We had another head teacher who recently told us she was amazed by a girl in her Year 6 class, who was usually quiet and withdrawn. As other groups around her at break played football and games, she approached her head teacher – which is a pretty big deal in itself as a 10 year old – and asked if she could talk to her about her business plan and share her ideas. She’d found something that she loved, she found she had a passion for her team and their idea, which was selling candyfloss at the school fair, perhaps a fail-safe idea, but she certainly knew her market and had a real drive for it to succeed.

It doesn’t have to be complicated, and not every child we work with will go from this experience to open their own businesses, but the skills around creativity, adaptability and problems solving will help them in whatever they choose to do. Not everyone is academic, or good at sport –  they just need to see more possibilities to see what clicks for them. 

Children dare to be different – adults should give it a try

As adults, we often try to all be the same, we measure ourselves against objectives which often don’t play to everyone’s strengths and then we wonder why people are struggling, not achieving or feeling stressed out. Kids are more ready to hand over responsibility to the one in their team who is really good at something, and to muck in and share a job when it’s clear more hands will make light work.

When we work with corporate business it’s a different sort of coaching, often to find out why people don’t want things to happen, why there is a fear of change rather than change being something that’s happening every minute of the day all around us.

I love the energy of children, we can learn a lot from them on bouncing back, and we need to help them learn how to keep that resilience as they grow.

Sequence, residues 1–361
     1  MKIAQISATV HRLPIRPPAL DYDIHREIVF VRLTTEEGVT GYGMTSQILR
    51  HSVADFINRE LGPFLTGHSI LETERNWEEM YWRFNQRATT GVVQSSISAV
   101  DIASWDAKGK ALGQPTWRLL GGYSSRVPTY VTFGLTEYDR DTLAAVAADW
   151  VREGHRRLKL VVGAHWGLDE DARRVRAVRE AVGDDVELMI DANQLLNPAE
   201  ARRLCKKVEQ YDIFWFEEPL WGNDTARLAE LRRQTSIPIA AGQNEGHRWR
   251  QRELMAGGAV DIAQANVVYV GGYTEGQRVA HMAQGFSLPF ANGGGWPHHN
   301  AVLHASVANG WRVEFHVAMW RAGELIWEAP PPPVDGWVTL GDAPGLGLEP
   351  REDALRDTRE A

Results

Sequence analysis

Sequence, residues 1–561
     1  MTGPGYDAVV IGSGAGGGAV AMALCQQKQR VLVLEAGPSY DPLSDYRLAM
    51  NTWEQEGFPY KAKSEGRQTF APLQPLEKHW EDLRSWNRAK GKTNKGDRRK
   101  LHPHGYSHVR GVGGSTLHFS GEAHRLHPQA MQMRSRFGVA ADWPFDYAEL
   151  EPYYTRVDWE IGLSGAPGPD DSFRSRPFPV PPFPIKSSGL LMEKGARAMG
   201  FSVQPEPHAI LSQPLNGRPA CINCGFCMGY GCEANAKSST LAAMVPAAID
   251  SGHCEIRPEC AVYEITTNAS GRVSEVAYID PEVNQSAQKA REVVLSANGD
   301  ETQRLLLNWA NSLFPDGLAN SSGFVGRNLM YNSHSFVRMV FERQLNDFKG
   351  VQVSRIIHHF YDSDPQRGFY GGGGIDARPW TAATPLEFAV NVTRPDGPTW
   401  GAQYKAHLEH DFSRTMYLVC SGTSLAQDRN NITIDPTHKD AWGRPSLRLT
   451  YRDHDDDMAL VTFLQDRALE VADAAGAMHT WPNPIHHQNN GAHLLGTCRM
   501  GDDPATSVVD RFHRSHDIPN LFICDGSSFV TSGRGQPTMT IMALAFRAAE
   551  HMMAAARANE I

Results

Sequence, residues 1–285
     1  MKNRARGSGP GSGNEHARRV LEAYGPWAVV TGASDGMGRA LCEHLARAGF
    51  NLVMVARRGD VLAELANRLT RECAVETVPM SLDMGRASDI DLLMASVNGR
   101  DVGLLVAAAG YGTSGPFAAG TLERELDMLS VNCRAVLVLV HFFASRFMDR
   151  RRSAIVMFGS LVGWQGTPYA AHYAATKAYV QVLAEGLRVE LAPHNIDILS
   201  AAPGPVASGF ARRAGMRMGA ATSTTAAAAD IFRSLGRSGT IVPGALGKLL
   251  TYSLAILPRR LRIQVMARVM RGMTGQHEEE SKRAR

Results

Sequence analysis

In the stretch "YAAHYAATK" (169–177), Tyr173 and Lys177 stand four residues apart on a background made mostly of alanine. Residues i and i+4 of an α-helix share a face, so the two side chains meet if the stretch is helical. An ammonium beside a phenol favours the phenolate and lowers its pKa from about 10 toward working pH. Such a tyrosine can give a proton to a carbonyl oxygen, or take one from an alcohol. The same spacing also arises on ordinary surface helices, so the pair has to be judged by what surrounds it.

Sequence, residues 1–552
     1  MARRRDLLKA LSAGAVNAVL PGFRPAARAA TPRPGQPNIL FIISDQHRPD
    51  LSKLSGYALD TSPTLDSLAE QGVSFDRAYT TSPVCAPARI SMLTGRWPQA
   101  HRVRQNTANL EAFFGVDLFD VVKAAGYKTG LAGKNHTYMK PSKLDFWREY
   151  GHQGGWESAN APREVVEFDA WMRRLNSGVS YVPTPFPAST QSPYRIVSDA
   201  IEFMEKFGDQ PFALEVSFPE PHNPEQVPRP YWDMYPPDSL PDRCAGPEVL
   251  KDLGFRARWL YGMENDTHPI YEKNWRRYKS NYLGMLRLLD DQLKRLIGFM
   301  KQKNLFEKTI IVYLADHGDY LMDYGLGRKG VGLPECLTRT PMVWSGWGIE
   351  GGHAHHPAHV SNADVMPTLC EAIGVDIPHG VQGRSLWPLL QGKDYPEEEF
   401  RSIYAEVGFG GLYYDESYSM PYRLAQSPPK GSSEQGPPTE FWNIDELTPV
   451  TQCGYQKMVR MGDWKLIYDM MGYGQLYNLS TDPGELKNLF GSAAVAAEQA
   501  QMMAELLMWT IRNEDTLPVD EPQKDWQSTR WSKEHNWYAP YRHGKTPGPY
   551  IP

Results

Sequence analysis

Thirsty for more

The biggest difference I see when teaching adults v kids is you are constantly working to engage adults, get them to speak up in front of peers, ask questions, share ideas. They have build up a fear of looking “stupid in front of colleagues” or worried about “asking an obvious question”.

You don’t get this with the kids – they are not short of opinions, ideas and questions, they are thirsty for more … it’s so liberating and easy to facilitate. The hardest bit is curbing their enthusiasm in such a way we can progress with the day e.g., I find myself saying “OK, one last question”. I would love to be able to say those words in a corporate environment.

A great example of how different we children and adults are is the famous marshmallow challenge. You have a bunch of dried spaghetti and marshmallows and have to build the tallest structure. Undoubtedly the senior management team adults do worse. They spend ages thinking about their structure and meticulously build it only for it to fall apart at the end. Whereas the kids get stuck straight in build and fail, build and fail until they get it right. They are the winners.